ATLANTA — The University System of Georgia has decided not to pursue plans to rename dozens of buildings and colleges named for historical figures associated with racism.
The board voted Monday not to accept the recommendations of an advisory board headed by Albany State University President Marion Fedrick formed in June of last year to explore the issue.
“The intent of the advisory group was to better understand the names that mark our buildings and colleges, recognizing there would likely be a number of individuals who engaged in behaviors or held beliefs that do not reflect or represent our values today,” the regents wrote in a joint statement.
“We acknowledge, understand and respect there are many viewpoints on this matter. Going forward, the board is committed to naming actions that reflect the strength and energy of Georgia’s diversity.”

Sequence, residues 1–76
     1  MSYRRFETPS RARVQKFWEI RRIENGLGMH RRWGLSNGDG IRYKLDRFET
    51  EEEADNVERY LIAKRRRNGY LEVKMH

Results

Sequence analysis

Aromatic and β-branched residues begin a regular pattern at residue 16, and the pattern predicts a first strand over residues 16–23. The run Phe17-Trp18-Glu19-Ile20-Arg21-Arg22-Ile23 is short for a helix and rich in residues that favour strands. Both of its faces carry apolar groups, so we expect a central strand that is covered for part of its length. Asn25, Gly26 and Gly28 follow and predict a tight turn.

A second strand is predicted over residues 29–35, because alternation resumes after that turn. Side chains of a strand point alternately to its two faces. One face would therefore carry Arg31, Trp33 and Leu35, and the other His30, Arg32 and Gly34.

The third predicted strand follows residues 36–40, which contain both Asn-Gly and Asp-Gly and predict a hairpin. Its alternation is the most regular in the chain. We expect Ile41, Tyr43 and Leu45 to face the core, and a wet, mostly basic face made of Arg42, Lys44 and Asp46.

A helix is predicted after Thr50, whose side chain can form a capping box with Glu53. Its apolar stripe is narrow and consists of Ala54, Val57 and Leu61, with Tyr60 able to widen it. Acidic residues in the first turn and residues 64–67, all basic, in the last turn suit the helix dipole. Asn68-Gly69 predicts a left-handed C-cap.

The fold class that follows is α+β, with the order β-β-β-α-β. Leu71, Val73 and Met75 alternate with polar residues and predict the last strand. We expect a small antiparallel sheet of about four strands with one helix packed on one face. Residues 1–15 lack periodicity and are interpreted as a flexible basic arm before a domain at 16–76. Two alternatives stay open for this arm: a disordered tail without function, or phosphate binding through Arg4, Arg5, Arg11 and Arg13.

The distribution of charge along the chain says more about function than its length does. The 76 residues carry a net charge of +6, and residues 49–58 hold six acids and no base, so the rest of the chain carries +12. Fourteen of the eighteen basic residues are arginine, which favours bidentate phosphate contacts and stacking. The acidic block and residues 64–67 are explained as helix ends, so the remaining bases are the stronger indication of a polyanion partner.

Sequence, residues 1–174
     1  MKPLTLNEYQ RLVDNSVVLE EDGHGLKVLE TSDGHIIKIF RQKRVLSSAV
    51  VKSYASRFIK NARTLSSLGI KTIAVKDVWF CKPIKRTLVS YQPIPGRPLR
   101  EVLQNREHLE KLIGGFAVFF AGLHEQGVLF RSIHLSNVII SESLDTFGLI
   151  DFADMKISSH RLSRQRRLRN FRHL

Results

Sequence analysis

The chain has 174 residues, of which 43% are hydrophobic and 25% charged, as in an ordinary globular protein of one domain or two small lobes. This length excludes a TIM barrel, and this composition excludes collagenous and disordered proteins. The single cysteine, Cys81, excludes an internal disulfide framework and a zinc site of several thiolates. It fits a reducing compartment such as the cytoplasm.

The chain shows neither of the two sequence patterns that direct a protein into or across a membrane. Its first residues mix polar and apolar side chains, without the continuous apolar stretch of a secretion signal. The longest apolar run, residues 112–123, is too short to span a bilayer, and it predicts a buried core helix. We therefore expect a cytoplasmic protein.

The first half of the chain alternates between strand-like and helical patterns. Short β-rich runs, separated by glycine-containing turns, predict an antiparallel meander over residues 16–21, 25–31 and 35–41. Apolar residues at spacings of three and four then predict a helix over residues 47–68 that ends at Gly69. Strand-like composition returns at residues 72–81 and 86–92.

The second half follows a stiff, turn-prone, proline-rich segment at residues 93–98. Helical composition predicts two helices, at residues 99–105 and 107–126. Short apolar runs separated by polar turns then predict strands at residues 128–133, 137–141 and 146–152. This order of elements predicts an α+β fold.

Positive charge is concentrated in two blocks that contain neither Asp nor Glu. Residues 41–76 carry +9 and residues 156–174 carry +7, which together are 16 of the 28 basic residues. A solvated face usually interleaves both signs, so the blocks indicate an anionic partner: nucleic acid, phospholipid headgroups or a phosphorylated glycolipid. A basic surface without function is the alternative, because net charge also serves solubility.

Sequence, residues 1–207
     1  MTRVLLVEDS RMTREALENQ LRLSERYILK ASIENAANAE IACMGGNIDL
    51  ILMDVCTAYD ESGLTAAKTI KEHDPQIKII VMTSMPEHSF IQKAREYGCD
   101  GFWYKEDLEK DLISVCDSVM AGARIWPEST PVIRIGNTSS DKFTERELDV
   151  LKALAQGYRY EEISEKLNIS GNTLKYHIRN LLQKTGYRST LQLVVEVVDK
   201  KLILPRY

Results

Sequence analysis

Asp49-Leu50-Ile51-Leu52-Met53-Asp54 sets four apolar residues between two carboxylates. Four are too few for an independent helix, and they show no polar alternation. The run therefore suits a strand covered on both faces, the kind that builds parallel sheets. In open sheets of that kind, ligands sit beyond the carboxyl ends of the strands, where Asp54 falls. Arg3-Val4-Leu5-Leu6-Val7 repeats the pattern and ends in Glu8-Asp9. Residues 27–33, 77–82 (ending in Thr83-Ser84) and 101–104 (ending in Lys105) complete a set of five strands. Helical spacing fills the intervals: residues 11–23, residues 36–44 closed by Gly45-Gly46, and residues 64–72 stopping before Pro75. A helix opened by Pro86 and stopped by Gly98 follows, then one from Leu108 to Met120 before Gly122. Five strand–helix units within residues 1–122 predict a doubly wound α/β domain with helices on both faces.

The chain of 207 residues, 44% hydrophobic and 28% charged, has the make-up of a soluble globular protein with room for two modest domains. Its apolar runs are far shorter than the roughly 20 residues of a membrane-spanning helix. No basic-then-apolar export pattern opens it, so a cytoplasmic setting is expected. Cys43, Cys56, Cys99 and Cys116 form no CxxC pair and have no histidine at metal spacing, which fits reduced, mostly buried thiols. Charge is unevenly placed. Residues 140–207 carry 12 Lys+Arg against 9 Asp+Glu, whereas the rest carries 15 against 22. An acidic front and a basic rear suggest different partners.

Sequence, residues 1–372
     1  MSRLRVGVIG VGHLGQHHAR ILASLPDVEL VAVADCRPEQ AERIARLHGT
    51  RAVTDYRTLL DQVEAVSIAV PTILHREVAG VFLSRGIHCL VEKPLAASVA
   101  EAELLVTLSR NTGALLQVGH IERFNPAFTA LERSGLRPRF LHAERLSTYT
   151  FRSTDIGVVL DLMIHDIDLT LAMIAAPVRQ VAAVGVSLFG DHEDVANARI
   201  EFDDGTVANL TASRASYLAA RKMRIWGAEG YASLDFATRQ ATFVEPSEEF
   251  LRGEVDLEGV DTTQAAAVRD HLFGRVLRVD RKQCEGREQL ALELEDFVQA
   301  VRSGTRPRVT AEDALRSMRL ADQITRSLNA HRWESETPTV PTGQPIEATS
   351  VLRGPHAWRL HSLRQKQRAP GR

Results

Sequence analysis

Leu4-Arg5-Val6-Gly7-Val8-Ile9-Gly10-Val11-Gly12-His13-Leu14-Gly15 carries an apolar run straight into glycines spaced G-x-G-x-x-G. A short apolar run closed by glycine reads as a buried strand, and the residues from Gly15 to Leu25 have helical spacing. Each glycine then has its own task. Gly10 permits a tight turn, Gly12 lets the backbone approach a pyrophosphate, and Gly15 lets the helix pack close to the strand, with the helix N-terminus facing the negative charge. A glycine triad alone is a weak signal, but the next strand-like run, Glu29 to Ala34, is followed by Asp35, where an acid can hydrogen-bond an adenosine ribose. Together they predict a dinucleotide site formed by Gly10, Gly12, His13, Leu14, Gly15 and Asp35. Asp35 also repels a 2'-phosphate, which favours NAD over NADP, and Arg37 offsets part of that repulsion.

The advisory committee was formed weeks after George Floyd, a Black man, was murdered in Minneapolis by a white police officer, which touched off street protests across the country.
A national wave of removals of statues honoring Confederate political and military leaders also served as a backdrop to reexamining the names of university buildings and colleges, including the Grady School of Journalism at the University of Georgia, named for late-19th century journalist and segregationist Henry Grady.
“The University System of Georgia is majority minority – 54% of our students identify as non-white, representing the strength and diversity of this state,” said Regent Sarah-Elizabeth Langford of Atlanta.
“In a university system tasked with educating the leaders of tomorrow, we must support the students of today and create an inclusive environment for learning. This is incredibly important as the board works to ensure future namings reflect the strength of Georgia’s diverse communities.”
Although the board opted not to move forward with the renamings, the advisory committee’s work was valuable, said Regent Don Waters of Savannah.
“I believe it is important for students and the system to know and understand the history on our campuses and in our communities as we work together to build a better future,” he said. “History is a great teacher, and we and our institutions can learn much from this effort.”